Mission SAGAR has given legitimacy and credibility to the Indian Navy to frequent the waters of the Indian Ocean without the threat of undermining the sovereignty of other member states. India reached out to many South Asian countries like Bangladesh, Bhutan, Afghanistan, Sri Lanka, and supplied them with essential commodities ranging from food, medicines to personnel. India is keen on maintaining and increasing its sphere of influence in South Asia and the IOR, a key strategic goal. India looks forward to establishing a strategic network and partnership in South Asia and IOR based on soft diplomacy, an approach that vastly differs from Chinese ‘debt-trap’ diplomacy. India could be seen as an alternative Asian giant to China in the long run. 

While China’s image is crumbling due to COVID-19, the supply of faulty kits, and assertive actions on multiple fronts, including in the South China Sea and IOR, India has an opportunity to emerge as a regional leader with the help of its soft and cultural diplomacy.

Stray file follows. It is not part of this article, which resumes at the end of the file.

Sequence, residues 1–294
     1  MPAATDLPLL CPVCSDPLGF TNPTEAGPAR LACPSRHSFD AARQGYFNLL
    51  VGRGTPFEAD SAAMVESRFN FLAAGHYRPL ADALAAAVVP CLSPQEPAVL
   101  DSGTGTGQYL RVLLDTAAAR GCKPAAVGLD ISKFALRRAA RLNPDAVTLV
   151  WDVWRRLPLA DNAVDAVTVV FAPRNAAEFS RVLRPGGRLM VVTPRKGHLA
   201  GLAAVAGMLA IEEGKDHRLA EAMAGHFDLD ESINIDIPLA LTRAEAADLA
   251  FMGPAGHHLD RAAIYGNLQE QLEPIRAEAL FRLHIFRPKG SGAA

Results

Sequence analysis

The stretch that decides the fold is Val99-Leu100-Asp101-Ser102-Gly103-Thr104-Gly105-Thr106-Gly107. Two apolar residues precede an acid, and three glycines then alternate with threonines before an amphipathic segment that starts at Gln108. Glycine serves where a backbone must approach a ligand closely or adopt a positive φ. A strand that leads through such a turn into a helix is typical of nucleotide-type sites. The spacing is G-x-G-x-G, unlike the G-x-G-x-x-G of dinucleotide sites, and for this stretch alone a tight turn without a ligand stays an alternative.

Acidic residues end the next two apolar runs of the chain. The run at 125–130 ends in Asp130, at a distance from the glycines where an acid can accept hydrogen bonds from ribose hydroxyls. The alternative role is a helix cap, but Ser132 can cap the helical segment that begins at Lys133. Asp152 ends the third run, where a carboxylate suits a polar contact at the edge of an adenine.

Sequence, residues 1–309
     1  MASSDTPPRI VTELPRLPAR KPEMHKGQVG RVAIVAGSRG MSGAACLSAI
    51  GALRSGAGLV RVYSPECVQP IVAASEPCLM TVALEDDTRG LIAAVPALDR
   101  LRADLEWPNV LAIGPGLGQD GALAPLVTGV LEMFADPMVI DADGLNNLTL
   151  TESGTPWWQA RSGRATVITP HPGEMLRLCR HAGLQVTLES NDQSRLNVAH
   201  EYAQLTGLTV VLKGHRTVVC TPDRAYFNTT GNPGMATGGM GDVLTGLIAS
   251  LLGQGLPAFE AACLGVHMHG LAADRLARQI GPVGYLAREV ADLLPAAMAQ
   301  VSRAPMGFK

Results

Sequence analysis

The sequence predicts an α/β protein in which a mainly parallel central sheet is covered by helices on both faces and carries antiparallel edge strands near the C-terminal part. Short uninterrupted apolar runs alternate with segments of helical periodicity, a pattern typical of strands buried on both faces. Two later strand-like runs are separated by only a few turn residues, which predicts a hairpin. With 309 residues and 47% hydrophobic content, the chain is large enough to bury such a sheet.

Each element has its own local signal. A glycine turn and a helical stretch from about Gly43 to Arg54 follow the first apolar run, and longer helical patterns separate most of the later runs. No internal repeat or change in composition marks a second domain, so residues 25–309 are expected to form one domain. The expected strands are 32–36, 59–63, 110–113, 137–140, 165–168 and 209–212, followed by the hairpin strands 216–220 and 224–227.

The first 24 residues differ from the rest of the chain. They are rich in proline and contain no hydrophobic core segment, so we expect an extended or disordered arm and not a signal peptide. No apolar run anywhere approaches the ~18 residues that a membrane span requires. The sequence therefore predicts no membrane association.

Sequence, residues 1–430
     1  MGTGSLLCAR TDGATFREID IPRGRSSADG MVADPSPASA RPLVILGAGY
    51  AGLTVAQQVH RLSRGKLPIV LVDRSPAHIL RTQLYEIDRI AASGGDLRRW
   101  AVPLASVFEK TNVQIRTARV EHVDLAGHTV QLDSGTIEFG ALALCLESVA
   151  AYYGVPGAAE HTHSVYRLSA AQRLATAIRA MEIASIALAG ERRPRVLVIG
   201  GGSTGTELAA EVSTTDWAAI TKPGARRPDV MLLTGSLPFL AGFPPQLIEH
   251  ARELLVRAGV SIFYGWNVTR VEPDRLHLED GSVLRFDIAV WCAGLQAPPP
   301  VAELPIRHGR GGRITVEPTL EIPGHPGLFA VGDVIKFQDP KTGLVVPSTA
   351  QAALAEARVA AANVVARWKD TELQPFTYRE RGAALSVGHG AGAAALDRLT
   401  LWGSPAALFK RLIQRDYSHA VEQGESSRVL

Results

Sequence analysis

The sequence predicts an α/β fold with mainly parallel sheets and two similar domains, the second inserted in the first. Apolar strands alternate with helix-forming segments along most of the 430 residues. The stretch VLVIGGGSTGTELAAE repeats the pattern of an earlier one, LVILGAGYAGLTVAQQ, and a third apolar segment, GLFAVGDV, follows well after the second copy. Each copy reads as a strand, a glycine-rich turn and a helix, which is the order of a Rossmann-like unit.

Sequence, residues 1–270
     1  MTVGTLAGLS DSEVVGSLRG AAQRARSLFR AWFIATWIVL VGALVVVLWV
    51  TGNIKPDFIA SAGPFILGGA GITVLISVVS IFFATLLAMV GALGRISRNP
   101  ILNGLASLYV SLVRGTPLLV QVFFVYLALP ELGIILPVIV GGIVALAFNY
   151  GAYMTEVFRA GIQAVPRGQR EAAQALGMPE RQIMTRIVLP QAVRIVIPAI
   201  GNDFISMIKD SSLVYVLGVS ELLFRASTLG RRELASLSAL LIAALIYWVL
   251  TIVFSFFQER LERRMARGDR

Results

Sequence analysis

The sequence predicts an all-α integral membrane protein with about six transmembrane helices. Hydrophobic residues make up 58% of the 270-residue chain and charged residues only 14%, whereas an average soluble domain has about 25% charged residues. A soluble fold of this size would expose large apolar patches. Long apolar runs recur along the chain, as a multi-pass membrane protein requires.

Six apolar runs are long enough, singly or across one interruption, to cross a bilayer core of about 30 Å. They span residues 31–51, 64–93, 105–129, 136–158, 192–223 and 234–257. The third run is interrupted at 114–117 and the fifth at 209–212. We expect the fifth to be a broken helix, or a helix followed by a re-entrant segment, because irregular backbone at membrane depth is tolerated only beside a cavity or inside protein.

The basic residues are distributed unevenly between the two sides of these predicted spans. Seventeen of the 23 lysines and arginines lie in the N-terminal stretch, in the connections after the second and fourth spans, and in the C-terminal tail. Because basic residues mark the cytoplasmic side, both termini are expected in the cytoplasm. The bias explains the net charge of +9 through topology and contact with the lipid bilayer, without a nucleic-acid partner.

*Note: China and India share the view of Maritime Law that warships don’t have free access to coastal waters, without the permission of the concerned country. China stands firm on this law when the area of focus is the South China Sea but seems to break away from this when the area of focus shifts from the South China Sea to the Indian Ocean region. China is tactfully using its research vessels, fishing vessels, and other non-combat ships to intrude into the sovereignty of other nation-states while following the aforementioned dichotomy.

*** The author is an undergraduate student pursuing graduation in the field of Political Science and Economics from St. Stephen’s College, University of Delhi. He is interested in the field of International relations and wishes to pursue a career in the same ***